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Organic Peppermint Rooibos


$6.00$35.00

A smooth, naturally sweet organic rooibos base with cool and refreshing flavors of peppermint. A flavorful tonic for digestion, cough, and sore throat. Naturally caffeine free.

Ingredients: Organic Rooibos, Organic Peppermint Leaf
Amount Tea: 1 tsp. per 1 cup Water
Steeping Time: 3-5 Minutes
Steeping Temperature: 212°F
Clear
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Description

Organic loose leaf Rooibos (red tea) from the Cederberg Mountains in South Africa, with cool and refreshing organic peppermint leaf. Naturally caffeine free.

Peppermint and Your Health

Peppermint calms the muscles of the stomach and improves the flow of bile, which the body uses to digest fats. As a result, food passes through the stomach more quickly. Peppermint relaxes the muscles that allow painful digestive gas to pass.

Peppermint and its main active agent, menthol, are effective decongestants. Because menthol thins mucus, it is also a good expectorant, meaning that it helps loosen phlegm and breaks up coughs. It is soothing and calming for sore throats (pharyngitis) and dry coughs as well.

Rooibos: Health Benefits

Find out how rooibos can improve your health here.

Rooibos History

Through the 17th and 18th centuries, European travellers and botanists visiting the Cederberg region in South Africa commented on the profusion of “good plants” for curative purposes. In 1772, Swedish naturalist Carl Thunberg noted that “the country people made tea” from a plant related to rooibos or redbush.

Traditionally, the local people would climb the mountains and cut the fine needle-like leaves from wild rooibos plants. They then rolled the bunches of leaves into hessian bags and brought them down the steep slopes on the backs of donkeys. The leaves were then chopped with axes and bruised with hammers, before being left to dry in the sun.

The Dutch settlers to the Cape developed rooibos as an alternative to black tea, an expensive commodity for the settlers who relied on supply ships from Europe.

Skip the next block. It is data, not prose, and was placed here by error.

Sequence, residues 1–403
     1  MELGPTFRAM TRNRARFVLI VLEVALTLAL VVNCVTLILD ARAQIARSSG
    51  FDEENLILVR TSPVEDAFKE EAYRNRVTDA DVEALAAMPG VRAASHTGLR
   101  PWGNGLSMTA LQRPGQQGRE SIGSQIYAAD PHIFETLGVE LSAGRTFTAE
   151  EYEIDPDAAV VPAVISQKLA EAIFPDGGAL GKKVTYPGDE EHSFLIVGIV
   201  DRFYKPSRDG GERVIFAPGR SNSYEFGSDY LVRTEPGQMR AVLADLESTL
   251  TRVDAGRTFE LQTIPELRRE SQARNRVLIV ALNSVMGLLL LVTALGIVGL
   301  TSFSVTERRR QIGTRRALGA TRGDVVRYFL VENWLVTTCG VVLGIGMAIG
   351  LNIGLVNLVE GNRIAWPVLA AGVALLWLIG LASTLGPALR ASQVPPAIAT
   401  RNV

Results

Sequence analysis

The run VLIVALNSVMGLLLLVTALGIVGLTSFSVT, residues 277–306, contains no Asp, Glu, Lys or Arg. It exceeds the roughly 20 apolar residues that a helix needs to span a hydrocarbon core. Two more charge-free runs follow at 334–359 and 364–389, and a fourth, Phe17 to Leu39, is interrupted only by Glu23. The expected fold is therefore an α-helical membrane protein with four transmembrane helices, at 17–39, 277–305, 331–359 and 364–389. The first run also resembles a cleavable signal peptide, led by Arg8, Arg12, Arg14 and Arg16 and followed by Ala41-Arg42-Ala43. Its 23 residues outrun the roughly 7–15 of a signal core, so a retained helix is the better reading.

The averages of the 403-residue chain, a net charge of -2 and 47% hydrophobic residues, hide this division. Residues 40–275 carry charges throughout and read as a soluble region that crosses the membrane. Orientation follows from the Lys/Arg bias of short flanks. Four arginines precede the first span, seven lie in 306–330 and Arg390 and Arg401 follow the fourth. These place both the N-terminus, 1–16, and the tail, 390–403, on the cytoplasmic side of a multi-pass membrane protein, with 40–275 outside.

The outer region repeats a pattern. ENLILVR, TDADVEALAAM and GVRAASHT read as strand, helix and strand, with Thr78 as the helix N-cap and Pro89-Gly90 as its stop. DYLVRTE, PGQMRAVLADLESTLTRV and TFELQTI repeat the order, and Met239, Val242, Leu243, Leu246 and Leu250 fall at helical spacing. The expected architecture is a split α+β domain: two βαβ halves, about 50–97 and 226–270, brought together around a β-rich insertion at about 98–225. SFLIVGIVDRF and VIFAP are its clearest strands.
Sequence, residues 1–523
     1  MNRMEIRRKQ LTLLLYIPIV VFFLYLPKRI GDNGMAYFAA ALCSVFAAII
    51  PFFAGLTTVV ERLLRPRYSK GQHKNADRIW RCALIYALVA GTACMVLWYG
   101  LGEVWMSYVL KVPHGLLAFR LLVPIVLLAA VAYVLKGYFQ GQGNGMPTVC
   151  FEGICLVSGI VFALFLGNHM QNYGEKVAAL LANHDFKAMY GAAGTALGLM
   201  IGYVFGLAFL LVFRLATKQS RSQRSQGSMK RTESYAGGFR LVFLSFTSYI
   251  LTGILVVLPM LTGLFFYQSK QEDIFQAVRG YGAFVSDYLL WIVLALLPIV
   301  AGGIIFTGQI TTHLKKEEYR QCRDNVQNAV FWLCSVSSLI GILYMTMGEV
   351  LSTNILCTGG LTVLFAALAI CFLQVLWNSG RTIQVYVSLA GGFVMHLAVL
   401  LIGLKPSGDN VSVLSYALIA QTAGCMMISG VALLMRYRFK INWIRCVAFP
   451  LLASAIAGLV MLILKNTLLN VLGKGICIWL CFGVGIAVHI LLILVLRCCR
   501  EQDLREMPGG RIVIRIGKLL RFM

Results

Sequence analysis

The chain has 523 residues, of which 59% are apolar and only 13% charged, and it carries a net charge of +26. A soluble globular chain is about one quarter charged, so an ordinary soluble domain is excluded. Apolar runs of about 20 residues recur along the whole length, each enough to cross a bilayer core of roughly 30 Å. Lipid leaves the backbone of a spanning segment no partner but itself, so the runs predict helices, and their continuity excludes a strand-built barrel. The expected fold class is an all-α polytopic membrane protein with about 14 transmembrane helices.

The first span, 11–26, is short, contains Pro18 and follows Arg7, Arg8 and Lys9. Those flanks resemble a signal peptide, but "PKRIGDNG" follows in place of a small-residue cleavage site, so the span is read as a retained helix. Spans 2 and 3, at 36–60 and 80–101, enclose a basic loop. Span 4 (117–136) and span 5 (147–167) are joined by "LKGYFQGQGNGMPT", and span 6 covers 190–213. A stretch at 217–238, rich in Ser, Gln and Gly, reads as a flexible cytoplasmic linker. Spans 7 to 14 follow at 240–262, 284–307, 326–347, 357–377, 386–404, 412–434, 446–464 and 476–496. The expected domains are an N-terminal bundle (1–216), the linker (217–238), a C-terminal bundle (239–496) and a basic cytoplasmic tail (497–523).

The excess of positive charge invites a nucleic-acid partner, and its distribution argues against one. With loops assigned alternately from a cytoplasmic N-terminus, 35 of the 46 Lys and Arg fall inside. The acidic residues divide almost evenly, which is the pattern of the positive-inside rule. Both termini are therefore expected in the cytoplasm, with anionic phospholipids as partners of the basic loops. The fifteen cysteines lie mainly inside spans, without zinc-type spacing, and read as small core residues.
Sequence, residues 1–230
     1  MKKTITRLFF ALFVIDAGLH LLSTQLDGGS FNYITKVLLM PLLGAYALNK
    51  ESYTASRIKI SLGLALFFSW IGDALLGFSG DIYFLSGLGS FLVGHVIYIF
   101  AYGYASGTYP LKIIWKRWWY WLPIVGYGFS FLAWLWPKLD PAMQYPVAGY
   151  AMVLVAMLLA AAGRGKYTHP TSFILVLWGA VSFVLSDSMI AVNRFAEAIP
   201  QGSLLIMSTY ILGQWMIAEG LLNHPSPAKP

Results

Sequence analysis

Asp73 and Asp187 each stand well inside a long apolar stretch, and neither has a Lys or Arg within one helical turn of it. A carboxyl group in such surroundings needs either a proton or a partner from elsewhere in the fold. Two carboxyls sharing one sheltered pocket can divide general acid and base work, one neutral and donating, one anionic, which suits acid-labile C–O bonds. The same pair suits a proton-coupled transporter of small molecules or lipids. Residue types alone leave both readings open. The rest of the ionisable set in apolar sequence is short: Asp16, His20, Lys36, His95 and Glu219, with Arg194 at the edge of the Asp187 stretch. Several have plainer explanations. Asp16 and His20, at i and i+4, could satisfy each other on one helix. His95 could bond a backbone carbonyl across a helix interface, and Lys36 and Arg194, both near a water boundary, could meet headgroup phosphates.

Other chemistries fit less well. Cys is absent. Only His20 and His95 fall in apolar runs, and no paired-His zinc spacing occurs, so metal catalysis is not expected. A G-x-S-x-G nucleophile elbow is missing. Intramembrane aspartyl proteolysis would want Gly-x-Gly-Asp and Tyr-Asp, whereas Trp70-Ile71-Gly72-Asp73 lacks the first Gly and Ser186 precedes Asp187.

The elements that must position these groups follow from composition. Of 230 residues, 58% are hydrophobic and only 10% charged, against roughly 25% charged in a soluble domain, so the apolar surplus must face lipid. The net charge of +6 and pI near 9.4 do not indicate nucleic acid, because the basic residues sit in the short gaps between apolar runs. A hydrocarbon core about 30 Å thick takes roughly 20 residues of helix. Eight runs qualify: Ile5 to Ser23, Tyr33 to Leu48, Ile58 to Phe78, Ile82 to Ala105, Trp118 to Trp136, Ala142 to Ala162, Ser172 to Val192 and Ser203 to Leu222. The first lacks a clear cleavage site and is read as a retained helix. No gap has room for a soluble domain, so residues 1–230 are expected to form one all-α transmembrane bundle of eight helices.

In 1904, Benjamin Ginsberg, a Russian/Jewish settler to the Cape, riding in the remote mountains, became fascinated with this wild tea. He ran a wide variety of experiments at Rondegat Farm, finally perfecting the curing of rooibos. He simulated the traditional Chinese method of making very fine Keemun, by fermenting the tea in barrels, covered in wet, hessian sacking that replicates the effects of bamboo baskets.

In the 1930s, Ginsberg persuaded local doctor and Rhodes scholar Dr. Le Fras Nortier to experiment with cultivation of the plant. Le Fras Nortier cultivated the first plants at Clanwilliam on the Klein Kliphuis farm. The tiny seeds were difficult to obtain, as they dispersed as soon as the pods cracked, and would not germinate without scarifying. Le Fras Nortier paid the local “volk”, some of whom were his patients, to collect seeds. An aged Khoi woman came again and again, receiving a shilling for each matchbox filled with seed. She had found an unusual seed source: having chanced upon ants dragging seed, she followed them back to their nest and, on breaking it open, found a granary. The attempts by Dr. le Fras Nortier were ultimately successful, which led Ginsberg to encourage local farmers to cultivate the plant in the hope that it would become a profitable venture. Klein Kliphuis became a tea farm, and within ten years the price of seeds soared to an astounding £80 a pound, the most expensive vegetable seed in the world. Today the seed is gathered by special sifting processes, and Klein Kliphuis is now a guest farm.

Since then, rooibos has grown in popularity in South Africa, and has also gained considerable momentum in the worldwide market.

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